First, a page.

2010’s In Film: Part One (2010+2011)

So we’ve reached the end of the year, and the end of the decade. Well, this is weird, isn’t it? There are people who voted in the last election who weren’t alive when 9/11 happened. That’s weird. Time is strange. So to cope with the inevitable passing of time, I’m going to make you all feel really f*cking old and briefly talk about one film from every month for every year of the past decade. Some of these films I haven’t seen, particularly before about 2015 when I started to go to the cinema more. We’re going to start at the beginning, because we’re not Memento.

January – Tooth Fairy

God damn you 2010. This is why this blog is hard, January 2010 was, well it was not good. Here’s a list of films released that month that I’ve heard of: The Book Of Eli, Bitch Slap, Tooth Fairy, Youth In Revolt, Leap Year. That’s it, it does feature two films that share a name with bigger things though: Girl On The Train, Stranger Things. That was a terrible start to the decade and I really hope the year gets better. I chose Tooth Fairy because it’s weird to look back on a film before a time where The Rock was legit the biggest action star on the planet. To be honest I’m not even sure how that even happened. I personally can’t pinpoint the film which launched him into superstardom, I’m guessing Fast And Furious because of the mainstream appeal those movies have. Nonetheless, this is a strange film to watch, is kind of cute and funny. Not something that will stick with you, but a film you’d probably watch if it was on and you were bored. Also, it has Julie Andrews on it, which is always nice.

February – Ponyo

Originally released in 2008 in Japan, this film FINALLY saw a UK release in 2010. I love this film. It’s one of the most adorable films you will ever see in your life. It is just so cute, the cinematic equivalent of a lovely hug. Ghibli can do incredibly mature and depressing films (Grave Of The Fireflies being a notable example), this isn’t one of them. Yes it has mature moments, but it is overall a kids film, and has all the positive things that that entails. It reminds me of the live-action version of The BFG (which sadly almost nobody has seen, but they REALLY should).

March – Alice In Wonderland

Damn this movie to Hades. This film made Disney realise that they can just do live-action remakes/re-imaginings instead of coming up with new versions. I hate this trend and refuse to watch them. I watched the live-action Jungle Book they made a few years ago and disliked it because it didn’t stand on it’s own merits; it made so many references to the animated film that you couldn’t watch it as a stand-alone movie as some of it wouldn’t make sense, but they’re not going to be better than the originals, and they’re also not going to be different enough to justify their existence. So really, what is the point of them? So yeah, damn this movie.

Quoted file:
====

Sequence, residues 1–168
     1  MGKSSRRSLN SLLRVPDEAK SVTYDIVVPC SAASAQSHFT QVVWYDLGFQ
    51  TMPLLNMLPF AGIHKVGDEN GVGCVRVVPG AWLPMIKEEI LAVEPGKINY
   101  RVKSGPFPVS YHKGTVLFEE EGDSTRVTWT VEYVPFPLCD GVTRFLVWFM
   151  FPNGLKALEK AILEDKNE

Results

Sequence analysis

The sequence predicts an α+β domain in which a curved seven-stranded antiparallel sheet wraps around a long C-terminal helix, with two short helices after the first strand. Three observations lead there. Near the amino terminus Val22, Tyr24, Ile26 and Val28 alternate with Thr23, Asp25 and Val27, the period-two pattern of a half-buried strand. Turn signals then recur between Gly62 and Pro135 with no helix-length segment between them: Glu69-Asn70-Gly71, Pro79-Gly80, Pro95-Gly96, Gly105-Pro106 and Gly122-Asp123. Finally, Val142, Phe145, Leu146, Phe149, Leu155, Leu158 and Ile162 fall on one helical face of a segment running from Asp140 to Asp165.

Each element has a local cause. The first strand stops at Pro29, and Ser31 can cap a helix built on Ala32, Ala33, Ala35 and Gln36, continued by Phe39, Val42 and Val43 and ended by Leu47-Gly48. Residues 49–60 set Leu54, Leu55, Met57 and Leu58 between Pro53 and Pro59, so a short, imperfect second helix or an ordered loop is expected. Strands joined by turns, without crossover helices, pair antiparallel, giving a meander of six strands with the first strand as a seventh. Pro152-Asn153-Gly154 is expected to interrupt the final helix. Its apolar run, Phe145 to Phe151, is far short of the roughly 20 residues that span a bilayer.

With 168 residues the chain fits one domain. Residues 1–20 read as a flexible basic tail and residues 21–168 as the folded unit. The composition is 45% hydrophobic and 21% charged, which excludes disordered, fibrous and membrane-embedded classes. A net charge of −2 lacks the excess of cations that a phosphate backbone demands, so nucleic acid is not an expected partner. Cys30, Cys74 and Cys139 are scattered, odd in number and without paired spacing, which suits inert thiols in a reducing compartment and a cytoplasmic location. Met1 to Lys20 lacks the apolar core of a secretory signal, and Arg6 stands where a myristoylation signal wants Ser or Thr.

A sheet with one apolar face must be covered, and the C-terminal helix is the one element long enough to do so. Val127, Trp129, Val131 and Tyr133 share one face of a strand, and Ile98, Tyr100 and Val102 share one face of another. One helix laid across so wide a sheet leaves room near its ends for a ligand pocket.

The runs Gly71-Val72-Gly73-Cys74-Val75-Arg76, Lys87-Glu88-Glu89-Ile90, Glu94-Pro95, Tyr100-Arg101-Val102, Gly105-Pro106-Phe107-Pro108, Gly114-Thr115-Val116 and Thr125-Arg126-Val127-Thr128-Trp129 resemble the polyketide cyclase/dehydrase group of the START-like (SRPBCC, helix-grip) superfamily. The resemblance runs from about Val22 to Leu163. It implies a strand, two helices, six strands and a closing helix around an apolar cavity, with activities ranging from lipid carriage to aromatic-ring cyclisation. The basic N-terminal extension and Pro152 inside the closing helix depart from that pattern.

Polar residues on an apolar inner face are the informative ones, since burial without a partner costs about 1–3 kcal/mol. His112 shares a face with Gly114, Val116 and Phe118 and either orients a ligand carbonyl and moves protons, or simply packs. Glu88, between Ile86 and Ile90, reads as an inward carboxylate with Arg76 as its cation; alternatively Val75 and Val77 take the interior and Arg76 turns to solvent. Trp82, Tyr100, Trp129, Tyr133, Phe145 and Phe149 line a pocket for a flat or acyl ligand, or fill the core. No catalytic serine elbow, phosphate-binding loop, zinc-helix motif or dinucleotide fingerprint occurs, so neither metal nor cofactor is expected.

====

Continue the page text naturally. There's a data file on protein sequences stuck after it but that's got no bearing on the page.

April – Iron Man 2

You can read my thoughts about this movie here, this is only here to make you realise how old this franchise now is. How the cinema landscape has changed and yet this franchise is still going strong. I remember people really liking this film when it first came out, yet now everyone hates it. It’s the opposite of Iron Man 3 (which I have always loved btw).

May – Four Lions

This month is the opposite of January. In this you had this film, Hot Tub Time Machine, A Nightmare On Elm Street (shut up, I like it). All films I love, albeit two of them as guilty pleasures. This is probably my favourite though. It’s one of my favourite films of all time, and is still depressingly relevant today. Really you do HAVE to see this film, it’s funny and horrifying and then back to funny again, and then back to horrifying as you realise how true most of it is.

June – MacGruber

I weirdly like this film despite knowing nothing of the character (SNL isn’t really a “thing” in England. Like A Christmas Story, Kiss, or deep-fried butter, it’s huge in the US, ignored over here). This is not the greatest film in the world, but it is a fantastic way to kill some time, and I wish I saw this at the cinema when I had the chance, or that I had watched it with people. I imagine this is great when high, not that I would know of course.

July – Toy Story 3

It was either this or Inception. I went with this instead because this film made me cry. There’s not much I can say about this that hasn’t already been said. It’s the perfect closer to a great trilogy. It’s so good I didn’t want a fourth one to exist, although when it came out I was very glad it did. Pixar are magical.

August – The Human Centipede

Yet again, a film I haven’t seen. So why am I talking about this? Look, I know I’m incredibly immature at times, but this film made me realise that I do have some sense of maturity. It made me realise I had outgrown the “watching shocking things for shocking things sake” stage. It made me realise that I didn’t want to waste my time with ugly art.

September – The Town

Damn I love Affleck. And this film is just more proof of why. I really wish he was given a MAJOR film, he deserves it as both a director and a screenwriter.

October – Despicable Me